READ MORE: Medical cannabis operation in the Shuswap may face regulatory hurdles


 

@Jodi_Brak117
jodi.brak@saobserver.net

Like us on Facebook and follow us on Twitter.

Get local stories you won't find anywhere else right to your inbox.
Sign up here

Just Posted

Golden Rotary Club president Isabelle Simard presents a check in Invermere to the winner of Golden’s bingo. (Michele LaPointe photo)
Golden Bingo continues to grow; expands to other BC communities

The money is going back into the community through various Rotary projects

Calls for potential overdoses in B.C. spiked in 2020, especially in the Okanagan - Shuswap. Pictured above is a BCEHS re-enactment of paramedics attending an overdose. (BCHES)
Overdose calls spike in 2020 across the Okanagan – Shuswap

Stats show every major community in Okanagan - Shuswap increased in calls for potential overdoses

Amanda Parsons, a registered nurse on staff at the Northwood Care facility, administers a dose of the Moderna vaccine to Ann Hicks, 77, in Halifax on Monday, Jan. 11, 2021. THE CANADIAN PRESS/Andrew Vaughan-Pool
61 new COVID-19 cases, two more deaths in Interior Health

Twenty-nine people are in hospital, seven of whom are in intensive care

Vacciniation is underway in Golden as of Friday, Jan. 15. (Federico Gambarini/dpa via AP)
Vaccination underway in Golden

Long-term care residents and staff have been prioritized, April is the goal for public vaccination

The BC SPCA is adapting its fundraising after cancelling events due to COVID-19 restrictions. (Twila Amato - Black Press Media)
BC SPCA gets creative with fundraising as pandemic continues

The non-profit’s in-person fundraising events all had to be cancelled due to COVID-19 restrictions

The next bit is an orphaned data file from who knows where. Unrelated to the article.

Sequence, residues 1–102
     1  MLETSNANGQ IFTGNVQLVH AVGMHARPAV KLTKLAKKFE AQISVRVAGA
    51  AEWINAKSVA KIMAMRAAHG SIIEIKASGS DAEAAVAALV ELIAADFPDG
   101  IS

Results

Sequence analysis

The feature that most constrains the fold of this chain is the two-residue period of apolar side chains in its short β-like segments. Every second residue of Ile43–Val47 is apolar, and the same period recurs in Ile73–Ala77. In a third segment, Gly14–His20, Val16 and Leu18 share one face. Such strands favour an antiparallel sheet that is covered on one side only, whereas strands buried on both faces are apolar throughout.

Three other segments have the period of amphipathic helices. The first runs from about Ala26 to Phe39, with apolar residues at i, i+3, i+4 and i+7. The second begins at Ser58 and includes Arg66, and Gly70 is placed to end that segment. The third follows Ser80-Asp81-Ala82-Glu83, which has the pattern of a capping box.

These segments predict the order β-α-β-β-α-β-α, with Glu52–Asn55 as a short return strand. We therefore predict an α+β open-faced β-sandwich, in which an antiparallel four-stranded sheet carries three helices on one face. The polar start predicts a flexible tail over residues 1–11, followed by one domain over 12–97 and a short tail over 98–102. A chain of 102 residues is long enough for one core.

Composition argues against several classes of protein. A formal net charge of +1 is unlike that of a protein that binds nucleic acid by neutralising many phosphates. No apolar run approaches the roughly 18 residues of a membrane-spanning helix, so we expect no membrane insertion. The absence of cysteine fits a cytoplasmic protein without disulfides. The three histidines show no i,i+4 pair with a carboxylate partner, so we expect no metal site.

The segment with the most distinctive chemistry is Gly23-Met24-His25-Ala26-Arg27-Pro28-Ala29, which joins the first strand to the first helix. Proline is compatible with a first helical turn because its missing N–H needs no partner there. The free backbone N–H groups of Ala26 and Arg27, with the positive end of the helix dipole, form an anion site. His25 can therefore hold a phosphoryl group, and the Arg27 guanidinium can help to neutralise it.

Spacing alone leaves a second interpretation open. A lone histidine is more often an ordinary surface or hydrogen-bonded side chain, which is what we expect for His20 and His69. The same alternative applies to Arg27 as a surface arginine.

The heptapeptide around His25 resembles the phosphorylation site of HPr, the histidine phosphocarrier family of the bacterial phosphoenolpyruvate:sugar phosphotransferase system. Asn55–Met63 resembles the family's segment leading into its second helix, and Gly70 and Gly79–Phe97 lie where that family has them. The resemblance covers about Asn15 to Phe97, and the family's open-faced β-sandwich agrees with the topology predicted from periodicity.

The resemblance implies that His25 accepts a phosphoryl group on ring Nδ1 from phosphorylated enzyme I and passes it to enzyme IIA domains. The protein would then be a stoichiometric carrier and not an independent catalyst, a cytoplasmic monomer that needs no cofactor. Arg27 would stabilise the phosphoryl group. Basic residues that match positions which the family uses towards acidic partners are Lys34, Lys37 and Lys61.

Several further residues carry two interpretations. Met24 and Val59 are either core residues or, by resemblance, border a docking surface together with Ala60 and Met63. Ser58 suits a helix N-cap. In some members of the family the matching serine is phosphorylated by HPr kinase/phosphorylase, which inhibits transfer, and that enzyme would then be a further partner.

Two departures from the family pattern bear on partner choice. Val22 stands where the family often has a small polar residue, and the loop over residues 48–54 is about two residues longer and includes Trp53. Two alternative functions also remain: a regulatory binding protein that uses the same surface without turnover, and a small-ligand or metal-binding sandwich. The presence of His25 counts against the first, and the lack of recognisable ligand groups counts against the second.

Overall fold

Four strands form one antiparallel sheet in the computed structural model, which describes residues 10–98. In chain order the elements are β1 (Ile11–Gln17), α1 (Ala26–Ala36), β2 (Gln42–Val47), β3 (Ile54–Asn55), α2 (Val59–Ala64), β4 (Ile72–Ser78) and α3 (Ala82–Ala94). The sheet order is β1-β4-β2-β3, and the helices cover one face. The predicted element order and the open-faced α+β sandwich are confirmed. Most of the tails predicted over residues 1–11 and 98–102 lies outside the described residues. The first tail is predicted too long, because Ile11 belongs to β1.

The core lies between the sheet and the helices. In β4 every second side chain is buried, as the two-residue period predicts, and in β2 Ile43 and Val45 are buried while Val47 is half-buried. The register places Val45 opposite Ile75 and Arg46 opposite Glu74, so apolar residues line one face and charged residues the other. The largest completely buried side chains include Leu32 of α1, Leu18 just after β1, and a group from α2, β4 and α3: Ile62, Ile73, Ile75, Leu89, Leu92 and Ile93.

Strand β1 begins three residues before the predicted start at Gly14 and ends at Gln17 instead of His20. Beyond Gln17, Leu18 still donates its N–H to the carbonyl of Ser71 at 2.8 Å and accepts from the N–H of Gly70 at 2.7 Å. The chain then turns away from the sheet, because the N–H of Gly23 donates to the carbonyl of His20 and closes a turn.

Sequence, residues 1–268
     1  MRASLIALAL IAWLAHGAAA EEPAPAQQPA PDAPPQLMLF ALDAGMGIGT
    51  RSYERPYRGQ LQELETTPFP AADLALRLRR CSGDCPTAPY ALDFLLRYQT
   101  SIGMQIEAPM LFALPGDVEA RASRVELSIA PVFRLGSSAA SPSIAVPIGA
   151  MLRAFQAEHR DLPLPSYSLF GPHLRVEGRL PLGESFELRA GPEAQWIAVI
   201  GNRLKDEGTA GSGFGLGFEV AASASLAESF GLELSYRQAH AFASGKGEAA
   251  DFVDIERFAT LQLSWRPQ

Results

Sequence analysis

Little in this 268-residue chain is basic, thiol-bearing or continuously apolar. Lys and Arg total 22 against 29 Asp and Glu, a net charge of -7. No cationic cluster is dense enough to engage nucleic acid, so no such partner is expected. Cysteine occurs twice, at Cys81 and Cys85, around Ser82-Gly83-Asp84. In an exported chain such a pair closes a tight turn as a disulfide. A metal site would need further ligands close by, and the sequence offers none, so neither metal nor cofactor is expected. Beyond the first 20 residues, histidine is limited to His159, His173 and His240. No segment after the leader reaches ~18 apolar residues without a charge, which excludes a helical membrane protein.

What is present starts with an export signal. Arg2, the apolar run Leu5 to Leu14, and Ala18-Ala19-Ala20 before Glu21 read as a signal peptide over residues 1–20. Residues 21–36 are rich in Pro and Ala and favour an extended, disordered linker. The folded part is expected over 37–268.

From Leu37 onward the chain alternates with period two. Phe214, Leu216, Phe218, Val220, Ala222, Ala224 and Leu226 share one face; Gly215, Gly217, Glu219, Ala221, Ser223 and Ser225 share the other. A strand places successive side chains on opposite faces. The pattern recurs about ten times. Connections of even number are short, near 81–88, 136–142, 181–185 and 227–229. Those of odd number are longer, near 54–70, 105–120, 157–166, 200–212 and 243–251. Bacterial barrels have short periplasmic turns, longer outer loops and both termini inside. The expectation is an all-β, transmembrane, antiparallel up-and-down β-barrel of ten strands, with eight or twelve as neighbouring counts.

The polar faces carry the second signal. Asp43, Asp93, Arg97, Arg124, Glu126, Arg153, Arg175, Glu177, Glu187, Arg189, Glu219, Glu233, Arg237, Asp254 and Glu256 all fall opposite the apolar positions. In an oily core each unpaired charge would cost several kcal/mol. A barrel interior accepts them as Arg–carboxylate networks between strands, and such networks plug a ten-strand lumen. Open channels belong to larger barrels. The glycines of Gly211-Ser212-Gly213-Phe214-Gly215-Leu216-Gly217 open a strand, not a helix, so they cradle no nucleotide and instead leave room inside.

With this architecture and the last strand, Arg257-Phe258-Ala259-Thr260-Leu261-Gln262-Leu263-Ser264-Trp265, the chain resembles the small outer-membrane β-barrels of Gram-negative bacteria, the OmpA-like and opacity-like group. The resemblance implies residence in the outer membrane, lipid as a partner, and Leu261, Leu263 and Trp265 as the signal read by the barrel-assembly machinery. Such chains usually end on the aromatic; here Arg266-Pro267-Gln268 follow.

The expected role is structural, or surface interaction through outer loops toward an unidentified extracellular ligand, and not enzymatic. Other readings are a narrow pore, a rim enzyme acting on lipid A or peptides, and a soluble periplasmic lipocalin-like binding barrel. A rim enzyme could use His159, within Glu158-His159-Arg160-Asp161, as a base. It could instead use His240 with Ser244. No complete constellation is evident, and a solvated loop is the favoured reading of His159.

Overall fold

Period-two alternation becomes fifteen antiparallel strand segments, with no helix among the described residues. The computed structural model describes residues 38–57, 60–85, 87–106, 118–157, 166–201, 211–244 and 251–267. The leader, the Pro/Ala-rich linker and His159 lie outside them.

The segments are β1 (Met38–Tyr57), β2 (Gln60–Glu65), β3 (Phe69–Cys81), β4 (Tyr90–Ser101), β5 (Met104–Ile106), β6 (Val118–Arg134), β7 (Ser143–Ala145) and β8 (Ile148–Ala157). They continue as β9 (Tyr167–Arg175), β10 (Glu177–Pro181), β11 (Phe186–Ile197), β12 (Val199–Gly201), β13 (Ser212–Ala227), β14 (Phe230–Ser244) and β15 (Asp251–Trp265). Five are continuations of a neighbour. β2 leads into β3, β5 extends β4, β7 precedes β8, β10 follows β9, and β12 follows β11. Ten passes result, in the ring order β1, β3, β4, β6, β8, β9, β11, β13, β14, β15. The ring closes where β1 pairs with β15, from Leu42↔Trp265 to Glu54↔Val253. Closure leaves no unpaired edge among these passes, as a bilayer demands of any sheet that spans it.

Vancouver Canucks’ Travis Hamonic grabs Montreal Canadiens’ Josh Anderson by the face during first period NHL action in Vancouver, Wednesday, Jan. 20, 2021. THE CANADIAN PRESS/Jonathan Hayward
Horvat scores winner as Canucks dump Habs 6-5 in shootout thriller

Vancouver and Montreal clash again Thursday night

Interior Health has declared the Cariboo Chilcotin a community cluster. (Angie Mindus photo)
Interior Health declares Cariboo Chilcotin region a COVID-19 cluster, 215 cases since Jan. 1

Most cases are related to transmission at social events and gatherings in Williams Lake

Vernon Fire Rescue Services responded to a single-vehicle rollover Wednesday, Jan. 20, 2021, after a vehicle came into contact with a pedestrian light pole at Kalamalka Lake Road and 14th Avenue. (Brendan Shykora - Morning Star)
Minor injuries in rollover after vehicle hits Vernon crosswalk pole

The vehicle flipped onto its side, closing Kalamalka Lake Road

Penticton city council heard from Dhorea Ramanula, of Paid Employment for People with Lived Experiences Tuesday, Jan. 19. Ramanula’s organization has operated public washrooms in Kelowna staffed by community support workers since April, she says Penticton could benefit from a similar facility. (Michael Rodriguez - Kelowna Capital News)
Penticton interested in new public washroom concept to combat vandalism

Public washrooms with on-site support staff have been operating in Kelowna since April

A woman writes a message on a memorial mural wall by street artist James “Smokey Devil” Hardy during a memorial to remember victims of illicit drug overdose deaths on International Overdose Awareness Day, in the Downtown Eastside of Vancouver, on Monday, August 31, 2020. THE CANADIAN PRESS/Darryl Dyck
B.C. paramedics respond to record-breaking number of overdose calls in 2020

On the front lines, COVID-19 has not only led to more calls, but increased the complexity

Canada Post had remove a lot of letter boxes around Penticton after they were vandalized. This letter box at the United Church on Main St. remains unscathed. (Monique Tamminga Western News)
Street mailbox vandals strike Penticton drop boxes

Canada Post had to remove a bunch of the vandalized units

Esa Carriere, 23, was the victim of a 2018 Canada Day homicide. (File)
Youth sentenced in Kelowna Canada Day killing

Young woman pleaded guilty to lesser assault charge, sentenced to 15-month intensive support and supervision program

Most Read